Somehow, even with the dramatic uptick in adoption of sustainable investment practices, the idea of investing in a conscious and purposeful way is still taboo. In the process of working to gain more mainstream acceptance of ESG-focused practices asset managers shifted away from the idea of aligning portfolios to individual or institutional values or missions and rather emphasized an investment-first, or in many cases investment-only approach to ESG. I have even sat through manager presentations where it was stated not just definitively but assertively that what was being shown was strictly about investing and without concern for issue avoidance or positive change for anything other than economic reasons.
What got forgotten is what motivates investors, again both individual and institutional, to want to invest in this way in the first place. The reality is that the economic case for ESG investing as a “style” is easy to make conceptually and very hard to demonstrate quantitatively. We can intuit that ESG addresses on- and off-balance sheet risk, focuses on investments with a more fundamental long term thesis, and can serve as a proxy for quality. As I and others have written exhaustively the research clearly seems to indicate that there is no penalty for incorporating ESG into an investment process, but discernible and systematic Alpha is something else entirely. Capital markets are reasonably efficient, and if the Alpha case was that definitive EVERYBODY would pile on that trade.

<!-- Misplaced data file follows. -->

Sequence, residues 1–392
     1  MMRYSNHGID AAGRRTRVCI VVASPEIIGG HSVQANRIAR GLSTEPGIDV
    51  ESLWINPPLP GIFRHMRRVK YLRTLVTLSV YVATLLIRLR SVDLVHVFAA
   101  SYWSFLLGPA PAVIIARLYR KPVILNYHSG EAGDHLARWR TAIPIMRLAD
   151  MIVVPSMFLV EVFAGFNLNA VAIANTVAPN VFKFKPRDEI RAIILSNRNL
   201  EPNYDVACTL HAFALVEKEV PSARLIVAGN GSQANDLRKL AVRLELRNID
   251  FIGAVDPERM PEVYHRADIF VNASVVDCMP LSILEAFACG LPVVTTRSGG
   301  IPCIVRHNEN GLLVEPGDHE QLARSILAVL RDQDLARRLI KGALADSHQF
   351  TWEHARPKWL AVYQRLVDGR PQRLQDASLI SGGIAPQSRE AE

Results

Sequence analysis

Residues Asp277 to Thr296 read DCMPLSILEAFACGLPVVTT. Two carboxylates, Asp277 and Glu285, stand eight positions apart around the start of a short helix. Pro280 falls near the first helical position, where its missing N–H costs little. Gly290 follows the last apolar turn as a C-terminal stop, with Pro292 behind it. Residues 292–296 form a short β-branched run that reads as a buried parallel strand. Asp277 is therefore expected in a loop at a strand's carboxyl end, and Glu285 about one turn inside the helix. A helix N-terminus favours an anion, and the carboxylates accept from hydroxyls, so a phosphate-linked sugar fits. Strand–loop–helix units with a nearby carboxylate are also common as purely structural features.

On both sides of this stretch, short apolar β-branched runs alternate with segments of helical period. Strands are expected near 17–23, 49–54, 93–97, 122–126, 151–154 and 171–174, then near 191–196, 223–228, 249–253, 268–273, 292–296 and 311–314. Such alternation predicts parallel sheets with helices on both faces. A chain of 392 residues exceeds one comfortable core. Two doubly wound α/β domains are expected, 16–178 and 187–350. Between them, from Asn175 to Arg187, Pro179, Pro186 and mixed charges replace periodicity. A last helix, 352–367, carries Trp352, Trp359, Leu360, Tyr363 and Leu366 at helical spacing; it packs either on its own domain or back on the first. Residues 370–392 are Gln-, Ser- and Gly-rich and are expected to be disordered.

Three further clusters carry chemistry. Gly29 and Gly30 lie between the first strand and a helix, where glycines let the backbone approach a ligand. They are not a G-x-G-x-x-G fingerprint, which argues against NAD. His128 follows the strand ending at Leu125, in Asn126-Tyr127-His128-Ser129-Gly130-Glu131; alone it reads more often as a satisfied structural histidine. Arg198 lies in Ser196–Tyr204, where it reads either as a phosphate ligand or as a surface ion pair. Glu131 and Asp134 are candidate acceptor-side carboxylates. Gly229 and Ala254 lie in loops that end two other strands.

In this month’s Citywire USA Pro Buyer (Issue 52) magazine, I write to remind consultants and advisors, and asset managers too, that most of the interest in ESG is coming from the asset owners, and is rooted in values- or mission-driven motives. The trends we are seeing are around consumer behavior, demographic changes, and heightened social and environmental awareness. The investment case definitely reinforces the conversation around ESG, but for the primary purpose of making it ok to have the discussion about issue avoidance and positive change. It is a question of intimacy — investors are bringing something deeply meaningful and personal into the room and they are being responded to in a sterile, almost clinical way. Warm up the conversation. Show empathy. LISTEN.